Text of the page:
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Thursday, March 13, 2008

Victims of Violence

School violence has many victims. Those shot, those wounded, those who survive. Last week, an 18- year old boy in Alabama went to school with a gun. He stood in the gym, fired a shot into the ceiling to get the attention of nearly 150 classmates, then shot himself while they watched. He died. They didn’t. But how many will have nightmares, unable to erase the sound, the smell, the sight of a violent death right in front of them.

School violence has many victims. Those who recall things they might’ve said or done to him, maybe things they didn’t say or do for him. In an era when being a teenager is harder than ever, to witness such a horror is to know tragedy in a way most can never grasp. To say being a teenager today is tough is cliché. To know there must be a solution is naïve. To want answers and a way to smooth the way is idealistic. But to not try is to condone the daily apathy – and cruelty – we see in so many of our youth.

Today’s kids worry about fitting in, avoiding the bully who’s picked on them since third grade, and what to wear that won’t get them teased. Top that off with the stressors of drugs, gangs, and sex, they can’t even get to the issue of homework and making good grades. Kids who’re lucky enough to avoid many of these pitfalls have their own worries. And even what doesn’t happen in their world, because our media is obsessed with instilling fear in our nationwide audience, will leak into their sheltered world.

School violence has many victims, and the reality is, the American psyche is one of them.

4 comments:

KIM MOSER said...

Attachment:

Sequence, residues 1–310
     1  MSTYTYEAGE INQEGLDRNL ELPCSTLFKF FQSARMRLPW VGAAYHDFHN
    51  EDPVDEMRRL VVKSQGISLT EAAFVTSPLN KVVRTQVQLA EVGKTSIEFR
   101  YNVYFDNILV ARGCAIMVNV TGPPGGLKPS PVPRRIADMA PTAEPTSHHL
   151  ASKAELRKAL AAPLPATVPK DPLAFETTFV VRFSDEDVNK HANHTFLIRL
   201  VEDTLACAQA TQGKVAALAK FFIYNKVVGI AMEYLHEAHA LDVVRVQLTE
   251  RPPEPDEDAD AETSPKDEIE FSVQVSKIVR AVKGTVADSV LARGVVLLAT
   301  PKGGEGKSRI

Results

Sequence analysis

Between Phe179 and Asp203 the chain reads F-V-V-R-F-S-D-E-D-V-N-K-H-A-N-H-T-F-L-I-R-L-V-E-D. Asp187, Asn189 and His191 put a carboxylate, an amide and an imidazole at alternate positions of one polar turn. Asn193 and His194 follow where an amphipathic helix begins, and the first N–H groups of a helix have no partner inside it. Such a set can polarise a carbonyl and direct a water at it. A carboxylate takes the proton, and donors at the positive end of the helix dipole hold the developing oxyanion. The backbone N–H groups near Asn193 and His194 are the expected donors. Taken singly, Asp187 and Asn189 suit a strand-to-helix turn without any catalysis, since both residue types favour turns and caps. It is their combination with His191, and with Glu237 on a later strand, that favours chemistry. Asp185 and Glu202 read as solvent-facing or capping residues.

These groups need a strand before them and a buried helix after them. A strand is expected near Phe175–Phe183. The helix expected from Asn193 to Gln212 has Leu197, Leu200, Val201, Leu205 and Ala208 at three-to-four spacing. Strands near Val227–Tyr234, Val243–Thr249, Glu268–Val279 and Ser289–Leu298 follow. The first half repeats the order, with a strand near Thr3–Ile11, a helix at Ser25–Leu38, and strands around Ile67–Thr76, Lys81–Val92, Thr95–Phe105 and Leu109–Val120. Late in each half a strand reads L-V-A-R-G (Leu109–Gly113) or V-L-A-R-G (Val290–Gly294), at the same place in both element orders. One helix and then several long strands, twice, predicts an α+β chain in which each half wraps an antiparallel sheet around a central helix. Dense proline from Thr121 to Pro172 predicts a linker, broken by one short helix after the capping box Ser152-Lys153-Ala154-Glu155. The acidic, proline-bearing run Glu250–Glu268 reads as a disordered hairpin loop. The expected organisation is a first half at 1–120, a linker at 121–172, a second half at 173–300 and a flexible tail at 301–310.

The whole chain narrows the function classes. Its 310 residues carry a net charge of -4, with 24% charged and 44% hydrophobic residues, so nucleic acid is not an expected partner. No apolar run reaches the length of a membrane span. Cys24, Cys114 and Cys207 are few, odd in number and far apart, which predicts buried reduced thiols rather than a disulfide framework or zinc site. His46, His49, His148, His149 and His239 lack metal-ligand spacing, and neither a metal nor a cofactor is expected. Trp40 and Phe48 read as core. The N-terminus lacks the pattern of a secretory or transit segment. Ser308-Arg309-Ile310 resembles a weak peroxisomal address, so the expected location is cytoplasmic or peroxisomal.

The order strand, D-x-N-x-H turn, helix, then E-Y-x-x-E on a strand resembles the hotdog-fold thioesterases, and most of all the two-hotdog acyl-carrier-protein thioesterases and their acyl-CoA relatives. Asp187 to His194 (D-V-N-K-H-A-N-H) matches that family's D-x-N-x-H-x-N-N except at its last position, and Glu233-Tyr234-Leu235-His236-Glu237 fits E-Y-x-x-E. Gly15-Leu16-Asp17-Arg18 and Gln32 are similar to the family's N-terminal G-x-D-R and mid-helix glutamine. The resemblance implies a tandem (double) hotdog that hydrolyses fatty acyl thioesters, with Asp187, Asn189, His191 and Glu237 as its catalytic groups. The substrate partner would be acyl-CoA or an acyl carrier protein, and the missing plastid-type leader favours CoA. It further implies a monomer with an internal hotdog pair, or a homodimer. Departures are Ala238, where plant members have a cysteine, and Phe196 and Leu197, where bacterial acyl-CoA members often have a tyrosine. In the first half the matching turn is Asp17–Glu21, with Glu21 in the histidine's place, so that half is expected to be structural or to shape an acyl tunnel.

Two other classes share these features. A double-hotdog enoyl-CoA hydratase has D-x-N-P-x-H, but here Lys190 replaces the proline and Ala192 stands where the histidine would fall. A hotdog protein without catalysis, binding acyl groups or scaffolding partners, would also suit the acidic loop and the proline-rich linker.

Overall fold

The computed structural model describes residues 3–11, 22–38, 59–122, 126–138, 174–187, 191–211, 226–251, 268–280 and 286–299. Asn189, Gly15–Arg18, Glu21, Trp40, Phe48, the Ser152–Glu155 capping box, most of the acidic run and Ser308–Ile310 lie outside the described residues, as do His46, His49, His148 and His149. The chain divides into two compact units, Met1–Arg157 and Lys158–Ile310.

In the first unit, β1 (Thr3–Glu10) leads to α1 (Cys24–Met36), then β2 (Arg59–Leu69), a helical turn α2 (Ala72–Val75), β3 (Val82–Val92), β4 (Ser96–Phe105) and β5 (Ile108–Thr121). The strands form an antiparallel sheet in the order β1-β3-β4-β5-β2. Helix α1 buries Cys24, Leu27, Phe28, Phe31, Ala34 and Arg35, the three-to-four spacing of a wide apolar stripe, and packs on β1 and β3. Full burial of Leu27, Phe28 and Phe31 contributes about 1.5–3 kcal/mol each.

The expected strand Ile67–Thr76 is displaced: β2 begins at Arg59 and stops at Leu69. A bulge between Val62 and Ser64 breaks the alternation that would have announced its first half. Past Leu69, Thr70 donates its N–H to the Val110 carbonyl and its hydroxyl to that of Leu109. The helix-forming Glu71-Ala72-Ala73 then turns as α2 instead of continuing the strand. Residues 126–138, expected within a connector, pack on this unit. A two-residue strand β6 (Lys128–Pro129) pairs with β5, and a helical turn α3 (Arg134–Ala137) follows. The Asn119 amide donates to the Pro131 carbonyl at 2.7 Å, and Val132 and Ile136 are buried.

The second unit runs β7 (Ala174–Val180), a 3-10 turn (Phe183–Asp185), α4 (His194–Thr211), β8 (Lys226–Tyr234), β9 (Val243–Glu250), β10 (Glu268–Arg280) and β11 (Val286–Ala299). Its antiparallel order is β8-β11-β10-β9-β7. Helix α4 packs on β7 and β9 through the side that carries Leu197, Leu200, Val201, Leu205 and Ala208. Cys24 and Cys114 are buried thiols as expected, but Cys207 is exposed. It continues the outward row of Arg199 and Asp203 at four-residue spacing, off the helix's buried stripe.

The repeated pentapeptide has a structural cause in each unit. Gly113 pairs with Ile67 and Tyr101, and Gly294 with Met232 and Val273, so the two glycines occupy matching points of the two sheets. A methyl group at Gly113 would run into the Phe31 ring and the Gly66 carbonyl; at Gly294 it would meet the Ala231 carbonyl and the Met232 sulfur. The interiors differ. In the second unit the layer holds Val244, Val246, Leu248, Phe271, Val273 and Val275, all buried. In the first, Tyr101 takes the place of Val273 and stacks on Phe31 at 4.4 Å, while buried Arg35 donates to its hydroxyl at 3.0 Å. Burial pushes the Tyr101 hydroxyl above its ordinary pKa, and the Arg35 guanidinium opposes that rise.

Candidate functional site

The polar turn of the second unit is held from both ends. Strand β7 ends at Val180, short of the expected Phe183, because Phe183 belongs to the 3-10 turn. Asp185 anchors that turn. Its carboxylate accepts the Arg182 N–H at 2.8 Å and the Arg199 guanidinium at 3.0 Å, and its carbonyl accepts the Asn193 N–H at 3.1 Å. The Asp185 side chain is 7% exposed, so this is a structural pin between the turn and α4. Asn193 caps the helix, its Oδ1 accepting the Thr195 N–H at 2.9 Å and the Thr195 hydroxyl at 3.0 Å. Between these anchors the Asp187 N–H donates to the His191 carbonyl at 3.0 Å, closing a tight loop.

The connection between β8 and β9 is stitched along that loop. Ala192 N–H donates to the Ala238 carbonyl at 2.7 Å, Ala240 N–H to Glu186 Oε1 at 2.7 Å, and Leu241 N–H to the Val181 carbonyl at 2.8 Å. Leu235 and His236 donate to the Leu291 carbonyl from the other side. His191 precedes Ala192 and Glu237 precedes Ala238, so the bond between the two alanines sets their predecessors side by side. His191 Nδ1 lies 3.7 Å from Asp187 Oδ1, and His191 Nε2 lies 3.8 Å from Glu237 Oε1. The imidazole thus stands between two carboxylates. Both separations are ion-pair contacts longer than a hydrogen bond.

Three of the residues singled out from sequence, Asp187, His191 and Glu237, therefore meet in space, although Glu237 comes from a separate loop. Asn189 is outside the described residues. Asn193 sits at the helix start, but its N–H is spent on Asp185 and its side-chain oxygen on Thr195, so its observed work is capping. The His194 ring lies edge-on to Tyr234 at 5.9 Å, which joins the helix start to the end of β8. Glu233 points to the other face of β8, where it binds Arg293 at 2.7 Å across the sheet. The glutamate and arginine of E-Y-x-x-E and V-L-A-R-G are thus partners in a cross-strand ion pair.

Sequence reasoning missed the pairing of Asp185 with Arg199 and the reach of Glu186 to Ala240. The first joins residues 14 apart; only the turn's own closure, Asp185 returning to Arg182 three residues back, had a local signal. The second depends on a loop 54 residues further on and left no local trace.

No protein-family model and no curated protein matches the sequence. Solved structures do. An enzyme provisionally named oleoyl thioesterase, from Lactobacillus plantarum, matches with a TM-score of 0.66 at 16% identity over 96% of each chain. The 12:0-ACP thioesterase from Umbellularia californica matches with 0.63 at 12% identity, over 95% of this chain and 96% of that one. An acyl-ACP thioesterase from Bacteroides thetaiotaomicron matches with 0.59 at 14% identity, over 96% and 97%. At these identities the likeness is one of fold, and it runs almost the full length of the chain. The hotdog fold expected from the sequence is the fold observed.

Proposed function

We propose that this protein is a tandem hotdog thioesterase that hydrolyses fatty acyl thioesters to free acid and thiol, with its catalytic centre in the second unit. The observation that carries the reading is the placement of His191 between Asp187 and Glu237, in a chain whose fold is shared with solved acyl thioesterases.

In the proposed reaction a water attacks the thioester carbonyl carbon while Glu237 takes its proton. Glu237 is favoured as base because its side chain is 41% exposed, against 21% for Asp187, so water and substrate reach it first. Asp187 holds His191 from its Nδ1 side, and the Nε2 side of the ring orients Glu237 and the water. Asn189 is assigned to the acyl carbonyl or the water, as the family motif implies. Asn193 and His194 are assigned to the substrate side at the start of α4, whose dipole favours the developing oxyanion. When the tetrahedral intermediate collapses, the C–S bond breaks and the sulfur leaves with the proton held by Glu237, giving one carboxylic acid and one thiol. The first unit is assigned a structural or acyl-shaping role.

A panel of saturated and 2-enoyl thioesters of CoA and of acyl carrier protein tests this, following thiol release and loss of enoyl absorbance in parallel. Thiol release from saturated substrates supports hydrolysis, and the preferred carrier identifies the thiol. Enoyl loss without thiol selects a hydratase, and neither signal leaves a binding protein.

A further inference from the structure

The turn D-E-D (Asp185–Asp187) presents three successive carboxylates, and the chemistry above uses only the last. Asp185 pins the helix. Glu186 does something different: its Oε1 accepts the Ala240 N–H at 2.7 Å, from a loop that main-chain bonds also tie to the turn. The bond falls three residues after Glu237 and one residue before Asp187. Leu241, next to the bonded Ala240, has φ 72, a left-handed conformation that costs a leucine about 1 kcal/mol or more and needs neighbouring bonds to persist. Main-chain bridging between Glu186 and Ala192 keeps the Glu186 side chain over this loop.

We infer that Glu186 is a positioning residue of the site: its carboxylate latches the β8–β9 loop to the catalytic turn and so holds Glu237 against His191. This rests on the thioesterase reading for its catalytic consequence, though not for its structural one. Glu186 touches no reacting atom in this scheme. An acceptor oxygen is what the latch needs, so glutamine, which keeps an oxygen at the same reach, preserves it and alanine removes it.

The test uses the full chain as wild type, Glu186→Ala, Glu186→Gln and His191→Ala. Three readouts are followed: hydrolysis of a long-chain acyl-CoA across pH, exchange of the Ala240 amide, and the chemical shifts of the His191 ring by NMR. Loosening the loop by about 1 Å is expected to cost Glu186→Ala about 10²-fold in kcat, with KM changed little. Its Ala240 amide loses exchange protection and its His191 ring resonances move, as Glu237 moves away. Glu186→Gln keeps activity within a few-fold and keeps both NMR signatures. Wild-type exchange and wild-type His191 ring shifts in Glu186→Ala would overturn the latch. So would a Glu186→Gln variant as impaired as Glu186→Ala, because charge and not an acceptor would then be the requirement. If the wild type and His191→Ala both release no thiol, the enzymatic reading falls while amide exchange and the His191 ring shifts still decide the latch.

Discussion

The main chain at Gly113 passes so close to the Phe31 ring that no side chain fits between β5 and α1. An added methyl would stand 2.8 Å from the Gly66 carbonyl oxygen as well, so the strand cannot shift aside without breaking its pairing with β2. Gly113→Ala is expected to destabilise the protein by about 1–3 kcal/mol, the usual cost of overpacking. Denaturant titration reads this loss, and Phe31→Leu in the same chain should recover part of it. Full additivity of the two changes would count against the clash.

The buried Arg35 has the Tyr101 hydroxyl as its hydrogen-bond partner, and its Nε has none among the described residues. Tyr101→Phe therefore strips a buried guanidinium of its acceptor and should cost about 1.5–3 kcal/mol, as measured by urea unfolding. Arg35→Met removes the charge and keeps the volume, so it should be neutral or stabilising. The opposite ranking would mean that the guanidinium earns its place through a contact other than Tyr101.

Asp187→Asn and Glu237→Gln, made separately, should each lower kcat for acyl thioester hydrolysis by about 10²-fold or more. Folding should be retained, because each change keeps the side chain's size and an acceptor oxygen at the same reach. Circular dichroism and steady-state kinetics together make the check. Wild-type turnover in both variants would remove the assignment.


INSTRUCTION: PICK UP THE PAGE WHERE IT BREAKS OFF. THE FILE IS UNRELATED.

You are so right. My 7th grade daughter has been confiding in me about the pressures she's been facing. All her "friends" are now wearing make-up, dressing like college students, cussing like sailors, and exploring the opposite sex, not to mention flirting with drugs and alcohol. This is my 12 year old daughter! She goes to a tiny school with just one class per grade level. What is it going to be like for her when she's a high schooler?

rabber said...

I think the media shares a portion of the responsibility in how they report these tragedies. Kids always want an audience.

rabber said...

Thanks Barri for all the new information. I've already used many of the strategies we learned at the academy in my classroom. You made the whole experience interesting and fun!

Juanita said...

I'm in the middle of reading (actually "listening to CD's of") Jodi Piccoult's book Nineteen Minutes, which surrounds a school shooting. I'm only half-way through and thinking the boy might just get off the charges, due to all the bullying done to him from Day 1 of kindergarten. Battered child syndrome? I'll see how Piccoult ends the book ... doubt it will be a happy ending, though.